Tents for homeless residents line up Island Street in downtown San Diego / Photo by Adriana Heldiz

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That could never happen to me. They must have substance abuse or mental health issues. The help is there but they don’t want it because they prefer to live on the streets. 

Those are some of the most common myths said about homelessness. It’s an issue that touches the lives of almost every San Diegan. 

But the truth is that homelessness — and what causes it — is complex and sometimes our own assumptions about those experiencing it keeps us from fully understanding the crisis. 

In the latest episode of the San Diego 101 Podcast, hosts Adriana Heldiz and Maya Srikrishnan tap into experts and individuals with lived experience to debunk three myths about homelessness. Voice of San Diego’s Lisa Halverstadt also joins the duo to walk through the reality of the city’s homelessness crisis. 

Click here to listen to the episode. 

Journalists Slayings in Tijuana Bring New Levels of Fear and Solidarity

Reporters Jose Ibarra and Gabriela Martinez Cordova hold picture frames of slain news photographer Margarito Martinez Esquivel outside Tijuana’s police office at the muncipial department of public safety on Jan. 24, 2022. / Photo by Carlos A. Moreno

In less than a week’s time, two journalists were killed in Tijuana. While Mexico has become one of the most dangerous countries in the world for journalists, where crimes against them mostly go unsolved, it had been nearly 18 years since such an attack occurred on a journalist in Tijuana.

The slayings, thus, have hit close to home, creating a new level of fear among journalists in the city, writes Sandra Dibble in this week’s Border Report.

Dibble describes how journalists in the city are responding to the attack. In addition to the fear and anger, the killings have brought Tijuana’s journalists closer together than she’s ever seen in her more than two decades reporting in the city.

In Dibble’s early years as a reporter, there were other high-profile attacks against journalists. But she said this has never stopped the tenacity, independence and courage of their reporting. They’ve also always been ready to help her and other San Diego journalists in the region.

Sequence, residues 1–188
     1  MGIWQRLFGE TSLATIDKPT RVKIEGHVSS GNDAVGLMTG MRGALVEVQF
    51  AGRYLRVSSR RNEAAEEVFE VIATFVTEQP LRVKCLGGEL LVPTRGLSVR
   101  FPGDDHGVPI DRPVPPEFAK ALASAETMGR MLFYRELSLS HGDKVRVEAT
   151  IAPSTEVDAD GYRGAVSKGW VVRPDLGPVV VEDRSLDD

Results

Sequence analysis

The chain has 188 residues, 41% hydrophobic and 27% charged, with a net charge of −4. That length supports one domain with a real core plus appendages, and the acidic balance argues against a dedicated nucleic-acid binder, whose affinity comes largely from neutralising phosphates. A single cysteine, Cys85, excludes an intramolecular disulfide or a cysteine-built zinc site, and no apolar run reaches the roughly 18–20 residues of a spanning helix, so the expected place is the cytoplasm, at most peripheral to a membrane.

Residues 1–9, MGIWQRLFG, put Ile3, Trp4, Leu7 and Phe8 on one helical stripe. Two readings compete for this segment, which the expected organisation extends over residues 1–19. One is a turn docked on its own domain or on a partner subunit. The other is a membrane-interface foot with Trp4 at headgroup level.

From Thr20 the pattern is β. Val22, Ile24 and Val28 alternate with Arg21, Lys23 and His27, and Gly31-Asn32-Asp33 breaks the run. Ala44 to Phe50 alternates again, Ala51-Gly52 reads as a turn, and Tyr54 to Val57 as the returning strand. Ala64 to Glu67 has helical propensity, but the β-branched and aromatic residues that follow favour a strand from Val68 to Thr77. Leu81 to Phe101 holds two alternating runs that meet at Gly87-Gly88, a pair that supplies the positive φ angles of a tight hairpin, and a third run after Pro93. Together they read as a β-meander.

“They have always protected me, and more than anything, this has made me feel helpless about protecting them,” Dibble writes.

Read the Border Report here.

Mayor Announces Major Midway Homeless Camp Clean-Up

A San Diego Police car sits across a homeless encampment in the Midway District on Sept. 28, 2021. / Photo by Adriana Heldiz

Mayor Todd Gloria announced Monday that he has ordered a major clean-up of a Midway District homeless camp that has grown dramatically over the last year.

Gloria said the city has notified residents staying along much of a stretch of Sports Arena Boulevard between Rosecrans Street and Pacific Highway that they will need to move Tuesday to allow city crews to clean the area. By one count in January, the growing camp documented in an NBC 7 story last week included 94 tents and an estimated 183 people.

The clean-up operation follows a five-day homeless outreach effort in mid-January that included city outreach contractor People Assisting the Homeless, the county and several other organizations. During the operation, dozens received services, but just seven moved into shelter — a total likely throttled by the spike in COVID cases that has largely halted city shelter intakes and residents’ concerns about both recent outbreaks and shelter conditions. Gloria’s office described a hesitancy “to accept shelter placement despite knowing clean-up operations were imminent.”

The large-scale clean-up that had been expected the week after the outreach operation was postponed by rain and a past legal settlement requiring the city to give residents ample notice before proceeding.

Gloria’s office on Monday tweeted that his team was determined to proceed with the clean-up after outreach workers learned multiple people had a stomach illness and reported that residents were “living in unsafe and unsanitary conditions.”

Continue reading …

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In Other News

  • Our Andrew Keatts and Scott Lewis wrote in the latest Politics Report that insiders were on high alert ahead of a Monday closed-door City Council discussion of three lawsuits tied to the city’s 101 Ash St. debacle — and some speculated what would likely be a controversial settlement might be imminent. But there weren’t any big announcements Monday. A city attorney said at the end of Monday’s open City Council hearing that there were no updates to report publicly.
  • A new five-story mural paying homage to the local history of lowriders and car clubs from the 1970s and ‘80s, especially Logan Heights’ Brown Image, is taking shape in Chicano Park. (Union-Tribune)
  • Demolition finally began at Hillcrest’s long-vacant restaurant, Pernicano’s. Here is some background on Pericano’s past and why it has remained empty for so many decades. (NBC 7)
  • ABC 10 reported that a Coronado city official was placed on administrative leave after allegations surfaced that the employee and their wife, who works for a private school in Riverside, made racist remarks toward Asians. The city did not release the name of the employee.
  • Local pickleball fans are lobbying the city for a pickleball center in Point Loma, but city officials say a better solution is to sprinkle courts throughout the city at various parks, recreation centers and school campuses. (Union-Tribune)

This Morning Report was written by Maya Srikrishnan, Andrea Lopez Villafaña and Lisa Halverstadt. It was edited by Megan Wood.

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